The Dallas-based company will now charge $36 to upgrade a phone, double from $18 previously. The changes took effect Sunday and will apply to all upgrades.
Wireless devices today are more sophisticated than ever before, the company said in a statement. And because of that, the costs associated with upgrading to a new device have increased and is reflected in our new upgrade fee. This fee isn't unique to AT&T and this is the first time we're changing it in nearly 10 years.
An AT&T spokesman couldn't immediately be reached to explain the new fee in more detail. AT&T is the No. 2 U.S. wireless provider.
Sprint Nextel, the No. 3 carrier, also charges $36 to upgrade a phone. Verizon Wireless, the No. 1 carrier, doesn't charge an upgrade fee but does require customers to pay $35 to activate a phone.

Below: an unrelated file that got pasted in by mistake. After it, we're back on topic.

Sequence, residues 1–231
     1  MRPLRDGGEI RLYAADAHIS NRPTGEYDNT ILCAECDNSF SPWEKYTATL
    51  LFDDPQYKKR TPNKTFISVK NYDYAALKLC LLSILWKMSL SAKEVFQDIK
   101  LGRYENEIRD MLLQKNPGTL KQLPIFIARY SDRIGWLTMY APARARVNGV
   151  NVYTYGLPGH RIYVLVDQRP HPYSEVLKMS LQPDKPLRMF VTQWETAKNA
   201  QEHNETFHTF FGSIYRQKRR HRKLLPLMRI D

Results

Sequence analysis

Verizon recently irked customers when it planned to charge $2 for one-time online and telephone bill payments. But the company, a joint venture between New York-based Verizon Communications and London-based Vodafone, backed down a day later following an outpouring of criticism on social media and concern from the Federal Communications Commission.
AT&T is looking to raise revenue following its failed bid to buy T-Mobile USA for $39 billion. The deal collapsed in December following opposition from the FCC and the U.S. Department of Justice, who both cited antitrust concerns.
The deal led AT&T to pay a $4 billion breakup fee. The company recorded a $6.7 billion loss in the fourth quarter.
Shares of AT&T closed up 20 cents at $30.04.